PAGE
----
The scribe behind History's Vikings thrives with singular scriptwriting.
"I respect showrunners who work with a writers' room, but I'm not sure I could do that," says Michael Hirst, creator, executive producer and sole writer of History's drama, Vikings.
"It's enough for me to be dealing with production, so if I had to be rewriting scripts and dealing with other writers' egos, I'm not sure it would be a very enjoyable experience for me."
Already neck-deep in writing the show's fourth season — which began in February and will be the longest to date, with 20 episodes — Hirst isn't daunted. After all, he served as the sole writer on his previous creation, Showtime's The Tudors.
"The Tudors was a learning curve for me. Certainly it was tough sometimes, but it was good. I loved it. So I wasn't going to do it any differently on Vikings."
Hirst calls his writing process — which takes place mostly at his home outside Oxford, England — "organized chaos," with ideas floating around his brain.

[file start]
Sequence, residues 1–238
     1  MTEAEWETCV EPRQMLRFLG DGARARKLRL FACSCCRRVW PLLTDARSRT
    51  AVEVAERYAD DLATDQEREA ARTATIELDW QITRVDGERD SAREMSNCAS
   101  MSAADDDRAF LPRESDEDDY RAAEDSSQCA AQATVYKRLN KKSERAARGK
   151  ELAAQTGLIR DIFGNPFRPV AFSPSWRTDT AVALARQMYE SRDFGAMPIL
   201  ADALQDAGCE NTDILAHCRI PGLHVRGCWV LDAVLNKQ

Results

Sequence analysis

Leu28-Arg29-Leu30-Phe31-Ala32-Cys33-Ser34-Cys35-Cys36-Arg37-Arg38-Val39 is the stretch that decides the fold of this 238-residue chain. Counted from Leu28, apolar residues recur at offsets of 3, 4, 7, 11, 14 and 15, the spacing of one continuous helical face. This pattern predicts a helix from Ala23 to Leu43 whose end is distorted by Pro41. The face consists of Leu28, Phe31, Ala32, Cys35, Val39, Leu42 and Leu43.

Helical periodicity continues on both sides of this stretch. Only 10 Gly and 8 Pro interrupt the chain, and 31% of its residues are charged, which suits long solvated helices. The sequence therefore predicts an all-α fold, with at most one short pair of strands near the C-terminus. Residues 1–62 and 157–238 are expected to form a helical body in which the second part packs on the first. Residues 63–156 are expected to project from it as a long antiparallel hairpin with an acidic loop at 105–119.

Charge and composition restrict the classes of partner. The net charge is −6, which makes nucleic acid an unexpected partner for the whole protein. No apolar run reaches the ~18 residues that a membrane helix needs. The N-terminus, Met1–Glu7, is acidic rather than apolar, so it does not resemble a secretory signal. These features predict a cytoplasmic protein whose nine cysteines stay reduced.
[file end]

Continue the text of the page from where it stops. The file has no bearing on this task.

How does the chaos turn into scripts?
"I'll do a huge amount of reading," Hirst says, "and talk with the [series'] historical consultant, Justin Pollard. I'll do an overview. I'll do a bible.
The bible might be huge — 60, 70 pages per season. I break episodes down to about 30 pages of outline, and then I start writing. From that outline I can write an episode in a couple of weeks."
Getting a script from an initial idea to the screen takes a year, Hirst estimates. "But at the same time, all of the other episodes are being processed."
Unlike showrunners who write every episode to maintain creative control, Hirst does it because he'd rather write than manage others. "I'm a slightly unusual showrunner because I want to delegate. I want to give department heads freedom to do their best work."
Pollard is the person Hirst relies on most when plotting new episodes. "If I forgot something, he reminds me. It's like, 'This is what actually happened, Michael. Please focus.'"